CRF and VP act synergistically via specific receptors (CRF1 and V1B receptor, respectively) to trigger the release of ACTH from corticotroph cells, into the systemic circulation [116]. It has been suggested that CRF and VP mobilize different pools of pituitary ACTH. The equine pituitary gland has specific anatomical and functional features. The pars intermedia is particularly well developed in horses, and the equine pars distalis encloses the pars intermedia in a thin adherent layer as horses lack a clear hypophysial cleft [117].

ACTH production and secretion are indirectly influenced, not only by CRF, but also by the LC-NA-sympathetic system, PACAP, angiotensin II, vasoactive intestinal polypeptide, lipid mediators of inflammation, and cytokines, including TNF, IL-1β, and IL-6 [31, 81, 97]. Furthermore, endocannabinoids and endogenous opioid peptides appear to negatively regulate basal and stimulated ACTH release at multiple levels of the HPA axis (Figure 1) [115, 118].

The gradient in equine ACTH concentrations between pituitary effluent and jugular plasma can have an over 30-fold difference, with mean jugular plasma ACTH concentrations significantly higher in healthy horses (approximately 41 pmol/L), than in ponies [119]. Interestingly, a circadian rhythm in equine ACTH release is often undetectable. There is a disassociation between ACTH and corticosteroids during the circadian cycle suggesting a diurnal variation in the adrenal sensitivity to ACTH, with higher responsiveness during the peak phase of glucocorticoid secretion [120].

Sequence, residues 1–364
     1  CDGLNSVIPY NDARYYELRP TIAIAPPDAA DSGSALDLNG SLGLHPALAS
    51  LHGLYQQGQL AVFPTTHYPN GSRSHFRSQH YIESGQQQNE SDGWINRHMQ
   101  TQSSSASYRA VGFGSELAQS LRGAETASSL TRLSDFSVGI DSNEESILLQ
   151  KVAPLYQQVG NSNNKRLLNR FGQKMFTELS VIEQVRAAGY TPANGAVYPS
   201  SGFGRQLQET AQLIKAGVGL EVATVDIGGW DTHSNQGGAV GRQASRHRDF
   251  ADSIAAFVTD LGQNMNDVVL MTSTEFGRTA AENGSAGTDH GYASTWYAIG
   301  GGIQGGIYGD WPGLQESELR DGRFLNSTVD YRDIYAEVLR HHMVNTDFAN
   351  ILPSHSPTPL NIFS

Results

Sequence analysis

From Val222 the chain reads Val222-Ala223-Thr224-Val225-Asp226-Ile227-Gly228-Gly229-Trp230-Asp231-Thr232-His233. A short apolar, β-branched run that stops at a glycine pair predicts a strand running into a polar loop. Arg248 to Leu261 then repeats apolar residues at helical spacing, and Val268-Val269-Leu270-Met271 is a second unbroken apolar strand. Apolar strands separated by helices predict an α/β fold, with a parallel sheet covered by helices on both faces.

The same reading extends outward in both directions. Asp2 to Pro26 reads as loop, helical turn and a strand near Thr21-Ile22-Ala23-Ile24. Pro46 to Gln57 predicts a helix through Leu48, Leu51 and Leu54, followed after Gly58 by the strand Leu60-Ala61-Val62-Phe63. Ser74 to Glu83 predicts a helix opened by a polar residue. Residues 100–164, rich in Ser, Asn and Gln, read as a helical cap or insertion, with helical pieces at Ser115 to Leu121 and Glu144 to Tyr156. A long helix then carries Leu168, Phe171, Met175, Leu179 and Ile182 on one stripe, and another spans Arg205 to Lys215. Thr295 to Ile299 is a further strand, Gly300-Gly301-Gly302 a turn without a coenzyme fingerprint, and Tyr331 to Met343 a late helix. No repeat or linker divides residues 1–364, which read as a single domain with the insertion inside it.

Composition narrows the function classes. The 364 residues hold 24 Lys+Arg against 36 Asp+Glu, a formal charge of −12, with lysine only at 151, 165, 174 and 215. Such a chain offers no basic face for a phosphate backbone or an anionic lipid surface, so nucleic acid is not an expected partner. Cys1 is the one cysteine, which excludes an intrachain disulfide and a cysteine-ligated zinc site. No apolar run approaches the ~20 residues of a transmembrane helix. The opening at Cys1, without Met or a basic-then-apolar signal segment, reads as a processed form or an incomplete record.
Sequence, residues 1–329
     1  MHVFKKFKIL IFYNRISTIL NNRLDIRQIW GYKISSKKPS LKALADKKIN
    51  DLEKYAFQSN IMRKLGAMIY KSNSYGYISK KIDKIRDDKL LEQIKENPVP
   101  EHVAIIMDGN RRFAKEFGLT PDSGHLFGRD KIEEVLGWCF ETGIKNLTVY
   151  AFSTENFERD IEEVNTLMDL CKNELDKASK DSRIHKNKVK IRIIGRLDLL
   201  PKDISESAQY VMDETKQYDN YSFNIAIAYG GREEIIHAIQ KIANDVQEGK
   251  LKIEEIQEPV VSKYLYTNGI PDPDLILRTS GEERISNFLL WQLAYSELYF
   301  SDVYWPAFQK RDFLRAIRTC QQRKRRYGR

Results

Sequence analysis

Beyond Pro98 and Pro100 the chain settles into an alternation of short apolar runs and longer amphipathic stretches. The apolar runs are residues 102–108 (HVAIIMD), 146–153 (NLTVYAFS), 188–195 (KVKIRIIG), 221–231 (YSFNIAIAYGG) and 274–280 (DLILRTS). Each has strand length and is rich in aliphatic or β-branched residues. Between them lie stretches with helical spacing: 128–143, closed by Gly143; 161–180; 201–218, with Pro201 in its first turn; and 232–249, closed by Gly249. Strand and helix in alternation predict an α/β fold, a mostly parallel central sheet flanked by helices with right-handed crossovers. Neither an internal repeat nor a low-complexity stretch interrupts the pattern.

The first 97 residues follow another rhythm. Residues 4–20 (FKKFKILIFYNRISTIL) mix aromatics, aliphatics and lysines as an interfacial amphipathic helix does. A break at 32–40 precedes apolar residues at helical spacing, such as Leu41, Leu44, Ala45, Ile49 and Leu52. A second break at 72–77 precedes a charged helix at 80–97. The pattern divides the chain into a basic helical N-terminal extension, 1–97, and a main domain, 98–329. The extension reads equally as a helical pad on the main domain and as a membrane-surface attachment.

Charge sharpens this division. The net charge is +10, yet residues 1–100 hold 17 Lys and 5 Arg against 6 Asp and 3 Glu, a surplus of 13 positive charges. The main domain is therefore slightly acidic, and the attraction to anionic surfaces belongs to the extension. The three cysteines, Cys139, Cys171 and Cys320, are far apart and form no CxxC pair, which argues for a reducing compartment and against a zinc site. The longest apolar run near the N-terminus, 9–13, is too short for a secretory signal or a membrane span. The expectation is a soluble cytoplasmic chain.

ACTH via binding specific receptors, namely type 2 melanocortin receptors (MC2-R) is the key regulator of glucocorticoid secretion (GCc) from the adrenal cortex [121122]. Currently, the expression of this subtype of melanocortin receptor in the equine adrenal cortex has not been characterized, but it is presumed to be similar to that described in humans. It has not been a significant relationship found between equine plasma ACTH and cortisol concentrations during exercise stress, and the maximum concentration of cortisol had no correlation with maximum ACTH concentrations [80].

3.2.4 Equine cortisol

Equine cortisol (EC) is a steroid hormone synthesized from cholesterol. EC is released into the circulation under the influence primarily of ACTH, but notably, existing evidence shows that cortisol secretion is further regulated by other hormones and/or cytokines coming from the adrenal medulla or the systemic circulation, and by neuronal signals via the autonomic innervation of the adrenal cortex (for example, as discussed above, through neuromediator PACAP) [95].